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Kurdish Principalities
The Kurdish chiefdoms
Kurdish chiefdoms
or principalities were several semi-independent entities which existed during the 16th to 19th centuries during the state of continuous warfare between the Ottoman Empire
Ottoman Empire
and Safavid Iran.[1] The Kurdish principalities were almost always divided and entered into rivalries against each other.[1] The demarcation of borders between the Safavid
Safavid
Shah Safi and the Ottoman caliph Sultan Murad IV
Murad IV
in 1639 effectively divided Kurdistan between the two empires.[1] The eyalet of Diyarbakir
Diyarbakir
was the center of the major and minor Kurdish chiefdoms
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Perpetual War
Perpetual war, endless war, or a forever war, is a lasting state of war with no clear conditions that would lead to its conclusion.[citation needed] These wars are situations of ongoing tension that may escalate at any moment, similar to the Cold War. Today, the concepts are used to critique the United States Armed Forces interventions in foreign nations and the military–industrial complex, or wars with ambiguous enemies such as the War
War
on Terror or the
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Erzenjan
Erzincan
Erzincan
(pronounced [eɾˈzindʒan])[3] (Armenian: Երզնկա, Yerznka) is the capital of Erzincan Province
Erzincan Province
in northeastern Turkey. Nearby cities include Erzurum, Sivas, Tunceli, Bingöl, Elâzığ, Malatya, Gümüşhane, Bayburt, and Giresun. Located at an altitude of 1,185 meters above sea level, the city's climate produces snowy winters and warm summers. The city is notable for handcrafted copper goods and a special cheese called "tulum peyniri" in Turkish. It is a significant road and rail junction and was once noted for its silverware. Current industries include sugar refining and textile industries
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Bîcar
Bījār (Persian: بیجار‎; Sorani Kurdish: بیجاڕ‎,[1] Kurdish: Bîcar‎) is a city and capital of Bijar
Bijar
County, Kurdistan Province, Iran. At the 2011 census, its population was 47,926, in 14,970 families.[2] Ethnically the population is predominantly Kurdish-speaking Shia Kurds.[3] With an elevation of 1,940 metres, Bijar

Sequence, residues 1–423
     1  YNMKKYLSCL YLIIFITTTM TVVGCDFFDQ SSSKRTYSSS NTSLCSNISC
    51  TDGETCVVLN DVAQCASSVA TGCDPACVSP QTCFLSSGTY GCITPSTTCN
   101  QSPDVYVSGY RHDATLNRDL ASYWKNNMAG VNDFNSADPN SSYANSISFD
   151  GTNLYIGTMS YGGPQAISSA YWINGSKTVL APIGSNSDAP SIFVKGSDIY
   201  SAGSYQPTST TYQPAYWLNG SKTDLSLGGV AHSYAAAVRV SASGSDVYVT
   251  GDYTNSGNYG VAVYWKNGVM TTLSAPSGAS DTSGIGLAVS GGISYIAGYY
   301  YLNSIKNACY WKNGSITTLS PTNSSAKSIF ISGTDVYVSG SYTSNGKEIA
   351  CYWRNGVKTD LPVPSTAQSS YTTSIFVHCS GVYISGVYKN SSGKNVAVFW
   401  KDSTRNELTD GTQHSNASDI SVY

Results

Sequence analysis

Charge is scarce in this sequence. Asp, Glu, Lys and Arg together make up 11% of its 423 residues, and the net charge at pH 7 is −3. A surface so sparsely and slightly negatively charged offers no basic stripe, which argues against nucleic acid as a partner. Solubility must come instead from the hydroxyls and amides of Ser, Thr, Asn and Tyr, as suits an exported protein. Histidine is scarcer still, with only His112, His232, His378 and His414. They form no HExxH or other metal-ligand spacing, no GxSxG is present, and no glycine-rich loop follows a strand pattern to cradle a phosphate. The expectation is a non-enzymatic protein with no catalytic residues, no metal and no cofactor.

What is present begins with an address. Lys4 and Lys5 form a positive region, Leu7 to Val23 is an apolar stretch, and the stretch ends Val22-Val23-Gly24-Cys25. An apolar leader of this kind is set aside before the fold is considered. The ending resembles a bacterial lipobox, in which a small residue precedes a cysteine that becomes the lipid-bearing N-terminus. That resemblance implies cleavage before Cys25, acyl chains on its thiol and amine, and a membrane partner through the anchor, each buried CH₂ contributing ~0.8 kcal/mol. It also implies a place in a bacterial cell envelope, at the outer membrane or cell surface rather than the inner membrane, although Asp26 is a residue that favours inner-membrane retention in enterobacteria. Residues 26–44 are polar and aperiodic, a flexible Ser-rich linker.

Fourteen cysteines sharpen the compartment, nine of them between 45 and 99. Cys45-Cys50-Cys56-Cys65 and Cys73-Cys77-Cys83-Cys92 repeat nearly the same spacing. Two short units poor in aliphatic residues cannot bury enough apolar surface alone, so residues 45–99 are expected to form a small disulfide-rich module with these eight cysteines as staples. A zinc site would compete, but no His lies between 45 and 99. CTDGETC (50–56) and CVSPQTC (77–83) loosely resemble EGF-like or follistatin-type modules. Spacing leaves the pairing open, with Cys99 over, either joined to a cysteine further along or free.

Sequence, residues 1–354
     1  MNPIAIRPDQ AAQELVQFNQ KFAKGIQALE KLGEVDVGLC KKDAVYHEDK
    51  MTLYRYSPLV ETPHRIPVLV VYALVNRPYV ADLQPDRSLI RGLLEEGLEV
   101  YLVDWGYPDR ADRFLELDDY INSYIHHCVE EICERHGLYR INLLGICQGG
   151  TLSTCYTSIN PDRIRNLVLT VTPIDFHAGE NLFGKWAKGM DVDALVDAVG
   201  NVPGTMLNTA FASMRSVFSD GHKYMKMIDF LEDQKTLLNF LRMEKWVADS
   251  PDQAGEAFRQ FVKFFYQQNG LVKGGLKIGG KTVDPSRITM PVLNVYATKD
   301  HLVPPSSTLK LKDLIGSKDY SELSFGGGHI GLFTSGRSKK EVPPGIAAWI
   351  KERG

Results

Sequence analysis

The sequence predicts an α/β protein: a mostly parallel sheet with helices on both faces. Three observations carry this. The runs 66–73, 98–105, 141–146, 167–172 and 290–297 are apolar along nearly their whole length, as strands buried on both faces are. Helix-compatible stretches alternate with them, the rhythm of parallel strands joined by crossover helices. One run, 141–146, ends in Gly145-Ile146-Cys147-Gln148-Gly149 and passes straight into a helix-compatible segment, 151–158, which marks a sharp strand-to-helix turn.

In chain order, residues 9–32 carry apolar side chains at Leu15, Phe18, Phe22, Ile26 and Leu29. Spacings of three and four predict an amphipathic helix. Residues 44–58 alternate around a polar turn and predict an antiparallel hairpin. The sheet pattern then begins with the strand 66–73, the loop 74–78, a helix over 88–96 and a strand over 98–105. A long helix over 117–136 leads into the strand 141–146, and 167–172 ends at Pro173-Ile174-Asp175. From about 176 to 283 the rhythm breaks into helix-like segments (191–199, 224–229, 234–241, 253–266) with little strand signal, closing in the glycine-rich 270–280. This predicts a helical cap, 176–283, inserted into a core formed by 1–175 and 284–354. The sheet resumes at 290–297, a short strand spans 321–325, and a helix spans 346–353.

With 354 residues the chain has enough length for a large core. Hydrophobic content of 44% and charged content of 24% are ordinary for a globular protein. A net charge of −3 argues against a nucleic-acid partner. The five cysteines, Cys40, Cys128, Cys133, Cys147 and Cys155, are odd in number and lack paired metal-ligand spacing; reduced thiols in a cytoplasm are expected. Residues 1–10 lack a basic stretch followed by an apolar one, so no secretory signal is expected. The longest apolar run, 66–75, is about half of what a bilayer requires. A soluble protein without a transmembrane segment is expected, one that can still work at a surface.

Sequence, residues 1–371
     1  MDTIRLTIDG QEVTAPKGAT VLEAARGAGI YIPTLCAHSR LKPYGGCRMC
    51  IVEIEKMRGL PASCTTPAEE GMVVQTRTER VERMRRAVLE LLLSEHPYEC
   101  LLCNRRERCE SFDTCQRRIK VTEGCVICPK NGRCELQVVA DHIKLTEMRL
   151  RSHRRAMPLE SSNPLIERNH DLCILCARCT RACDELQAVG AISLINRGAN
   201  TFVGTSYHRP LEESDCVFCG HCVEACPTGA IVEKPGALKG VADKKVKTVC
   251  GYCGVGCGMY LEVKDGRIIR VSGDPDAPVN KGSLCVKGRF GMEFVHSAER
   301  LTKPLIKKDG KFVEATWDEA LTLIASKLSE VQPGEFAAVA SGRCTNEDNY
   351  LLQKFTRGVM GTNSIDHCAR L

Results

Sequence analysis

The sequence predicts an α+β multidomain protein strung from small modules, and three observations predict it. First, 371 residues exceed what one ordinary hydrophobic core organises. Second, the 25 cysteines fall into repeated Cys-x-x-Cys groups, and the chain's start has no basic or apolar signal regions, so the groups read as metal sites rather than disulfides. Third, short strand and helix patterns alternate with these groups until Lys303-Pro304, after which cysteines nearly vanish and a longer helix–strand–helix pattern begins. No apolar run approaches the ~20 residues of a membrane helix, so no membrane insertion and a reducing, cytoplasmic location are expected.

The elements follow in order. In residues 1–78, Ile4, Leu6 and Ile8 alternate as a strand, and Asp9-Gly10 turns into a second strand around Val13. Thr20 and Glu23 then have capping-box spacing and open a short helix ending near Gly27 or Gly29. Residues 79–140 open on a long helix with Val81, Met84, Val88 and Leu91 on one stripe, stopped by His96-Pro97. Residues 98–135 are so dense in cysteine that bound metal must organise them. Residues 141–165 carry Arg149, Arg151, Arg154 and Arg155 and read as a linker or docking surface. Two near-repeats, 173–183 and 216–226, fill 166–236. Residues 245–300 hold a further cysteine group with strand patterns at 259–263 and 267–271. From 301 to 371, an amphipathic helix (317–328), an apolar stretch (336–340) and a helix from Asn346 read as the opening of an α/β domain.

Bijar
has been called the Roof of Iran.[4] Bijar
Bijar
in the First World WarThe term bijar could be a variation of bajar (i.e. city in Kurdish) and the complete name of the city Bijar-e Garrus (city of Garrus, the old name for the province)
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Biré
Birecik
Birecik
(Greek and Latin: Birtha, Βίρθα; Arabic: البيرة‎, translit. al-Bīrah; Kurdish: Bêrecûg‎, Ottoman Turkish: بيره جك‎), also formerly known as Bir, Biré, Biradjik and during the Crusades as Bile, is a town and district of Şanlıurfa Province of Turkey, on the River Euphrates. Built on a limestone cliff 400 ft. high on the left/east bank of the Euphrates, "at the upper part of a reach of that river, which runs nearly north-south, and just below a sharp bend in the stream, where it follows that course after coming from a long reach flowing more from the west".[3]Contents1 Archaeology 2 Ancient city 3 Bishopric 4 Modern history 5 See also 6 References 7 Exrenal linksArchaeology[edit] Birecik Dam Cemetery
Birecik Dam Cemetery
is an Early Bronze Age cemetery near Birecik. It was used extensively for about 500 years at the beginning of the third millennium BC
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Biradjik
Birecik
Birecik
(Greek and Latin: Birtha, Βίρθα; Arabic: البيرة‎, translit. al-Bīrah; Kurdish: Bêrecûg‎, Ottoman Turkish: بيره جك‎), also formerly known as Bir, Biré, Biradjik and during the Crusades as Bile, is a town and district of Şanlıurfa Province of Turkey, on the River Euphrates. Built on a limestone cliff 400 ft. high on the left/east bank of the Euphrates, "at the upper part of a reach of that river, which runs nearly north-south, and just below a sharp bend in the stream, where it follows that course after coming from a long reach flowing more from the west".[3]Contents1 Archaeology 2 Ancient city 3 Bishopric 4 Modern history 5 See also 6 References 7 Exrenal linksArchaeology[edit] Birecik Dam Cemetery
Birecik Dam Cemetery
is an Early Bronze Age cemetery near Birecik. It was used extensively for about 500 years at the beginning of the third millennium BC
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Cammasa
Jemasa, Jammasa or Al Jammasa (الجمّاسة; Turkish: Cammasa; Kurdish: Gammasa‎) a Euphrates Arab tribal Federation that was centered around the Lower Khabur region. The 17th century Cammasa/Jemasa district in Eyalet of Raqqa was named after the tribe then dominant at that region.[1][2] Kurdish Chiefdom[edit] In the 16th century the Emirate of Cammasa was under the rule of a Kurdish prince, until 1628 when it was transferred to direct Ottoman rule from Urfa then the new capital of the new Eyalet of Raqqa See also[edit]Diyar Mudar Kurdish chiefdomsReferences[edit]^ "موقع الرقة - "الجمّاسة"... عيال الغشيم". esyria.sy. Retrieved 2017-11-24.  ^ "Raqqa, territoires et pratiques sociales d'une ville syrienne - Chapitre 1. « Politique des chefs » en Jazîra et « politique des notables » à Raqqa : la naissance d'une ville de front pionnier (1865-1946) - Presses de l'Ifpo". books.openedition.org
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Çemişgezek
Çemişgezek
Çemişgezek
(Armenian: Չմշկածագ Čmškacag),[1] Ottoman Turkish: چمشکزک‎, Kurdish: Melkişî‎, Medieval Greek: Chosomachon) is a small Turkish city and its surrounding district in Tunceli Province
Tunceli Province
of Turkey. The city has a population of 2,819, while whole district has a population of 7,929
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Shekhan District
The Shekhan District
Shekhan District
is a district in the Nineveh Governorate
Nineveh Governorate
of Iraq with its capital at Ain Sifni.[1] It is bordered by the